Moral supervenience (S) is the thesis that the moral truths supervene on the "natural" (read: "non-normative") truths. This seems self-evident: moral facts cannot "float free" of the underlying natural facts -- there could not be a world just like ours, but where Hitler was actually a virtuous fellow. Such a radical moral difference would need to be grounded in a corresponding natural difference in the world -- say where Adolf never become a fascist, and instead dedicated himself to the peaceful pursuit of philanthropic ends. To expand upon this intuitive point:
(1) There seems an important sense in which the descriptive facts are what ground the particular moral facts. But without moral supervenience, the descriptive facts would be insufficient to determine what moral facts hold in a situation. There would instead be brute moral truths that aren't fully grounded by the descriptive facts, insofar as the former could change despite no change in the latter. Not only is this intuitively crazy, but it also violates our theoretical sense of how the particular moral truths are grounded.
(2) The fundamental moral truths are plausibly necessarily true conditional statements, perhaps of the form, "In completely described natural circumstances Ci, the applicable moral truths are Mi." This then explains the sense in which the particular moral truths Mi are grounded in the descriptive truths Ci. But it also straightforwardly entails moral supervenience (S).
(3) The falsity of S would make nonsense of the guiding role of moral truths. Note that, e.g., if someone is virtuous, or morally admirable, then it's fitting for us to admire them, or hold them in a certain positive regard. Moreover, to avoid moral fetishism, what we should admire in them is not "virtue" in the abstract, but rather the particular psychological characteristics that are virtues. But if S is false, then our emotions and attitudes cannot be guided in this way. It makes no sense to admire someone for their psychological characteristics in our world, but then to condemn them for being exactly the same way in exactly the same descriptive circumstances in another world, where the moral truths about them brutely differ.
Harrison addresses something along these lines:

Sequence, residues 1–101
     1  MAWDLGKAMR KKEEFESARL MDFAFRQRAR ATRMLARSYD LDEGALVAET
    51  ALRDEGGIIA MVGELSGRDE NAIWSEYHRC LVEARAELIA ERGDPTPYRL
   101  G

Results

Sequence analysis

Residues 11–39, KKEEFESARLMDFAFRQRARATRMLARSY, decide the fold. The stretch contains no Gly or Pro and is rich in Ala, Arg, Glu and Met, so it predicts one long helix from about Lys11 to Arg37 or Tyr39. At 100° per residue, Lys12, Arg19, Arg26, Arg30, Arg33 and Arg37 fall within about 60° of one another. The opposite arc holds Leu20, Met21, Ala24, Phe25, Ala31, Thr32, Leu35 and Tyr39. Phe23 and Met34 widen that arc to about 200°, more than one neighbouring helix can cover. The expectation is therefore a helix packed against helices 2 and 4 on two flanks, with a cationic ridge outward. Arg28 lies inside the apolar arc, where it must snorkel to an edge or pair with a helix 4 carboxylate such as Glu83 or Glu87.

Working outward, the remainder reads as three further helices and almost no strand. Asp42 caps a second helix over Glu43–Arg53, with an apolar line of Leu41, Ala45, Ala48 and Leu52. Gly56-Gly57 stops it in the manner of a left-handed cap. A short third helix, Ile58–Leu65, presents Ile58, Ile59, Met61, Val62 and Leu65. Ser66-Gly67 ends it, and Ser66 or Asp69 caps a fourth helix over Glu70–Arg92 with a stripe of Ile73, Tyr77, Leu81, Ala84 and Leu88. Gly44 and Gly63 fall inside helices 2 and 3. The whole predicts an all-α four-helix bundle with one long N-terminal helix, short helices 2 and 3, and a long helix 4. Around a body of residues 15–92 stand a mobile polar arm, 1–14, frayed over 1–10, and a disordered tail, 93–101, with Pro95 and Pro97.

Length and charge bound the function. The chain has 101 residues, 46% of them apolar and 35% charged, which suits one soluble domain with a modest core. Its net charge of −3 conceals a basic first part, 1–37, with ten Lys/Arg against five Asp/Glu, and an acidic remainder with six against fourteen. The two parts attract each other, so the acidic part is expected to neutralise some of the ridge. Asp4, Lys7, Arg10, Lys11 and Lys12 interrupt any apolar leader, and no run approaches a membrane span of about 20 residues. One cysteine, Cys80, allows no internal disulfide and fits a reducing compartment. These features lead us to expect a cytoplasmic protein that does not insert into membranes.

The principle of universalizability (U) states that if an action is right, then every action that is similar in morally relevant respects is right too.
However, he holds that the denial of S is compatible with U, because a brute moral difference would, trivially, be a difference in "morally relevant respects".
Of course, U is generally not meant to be interpreted so trivially. Rather, when we speak of "morally relevant respects" here, we mean the underlying descriptive properties that have the higher-order property of being morally important. Harrison goes on to consider:
[U2] if act x is right, then any act having the same properties in virtue of which act x is right, is also right.
Unfortunately, he reads U2 as entailing an implausible absolutism:
Act A might be wrong because it was an act of cruelty. Act B might also have been an act of cruelty in exactly the same way, yet have saved a million lives. According to U2 if A is wrong, B is too.
This, too, is not the best interpretation of Universalizability. We should not be considering right-makers and wrong-makers in isolation, but rather the totality of natural facts that together entail the rightness or wrongness of an act. This may include "negative" facts, such as that act A does not save a million lives. That's a morally relevant natural feature of A, which differs from B, and explains why one may consistently reach different moral verdicts about the two.
When U2 is understood in this (obviously more sensible!) way, it is far harder to deny. The whole paper seems to rest on neglect of this crucial point. (It re-emerges later when Harrison takes a grounding-style claim to be motivated by U2.)
Admittedly, if one is determined to reject the self-evidence of S, and hence even the better interpretation of Universalizability that I've offered here, then I'm not sure what more could be said to persuade them to reconsider. But it would seem awfully odd and unmotivated.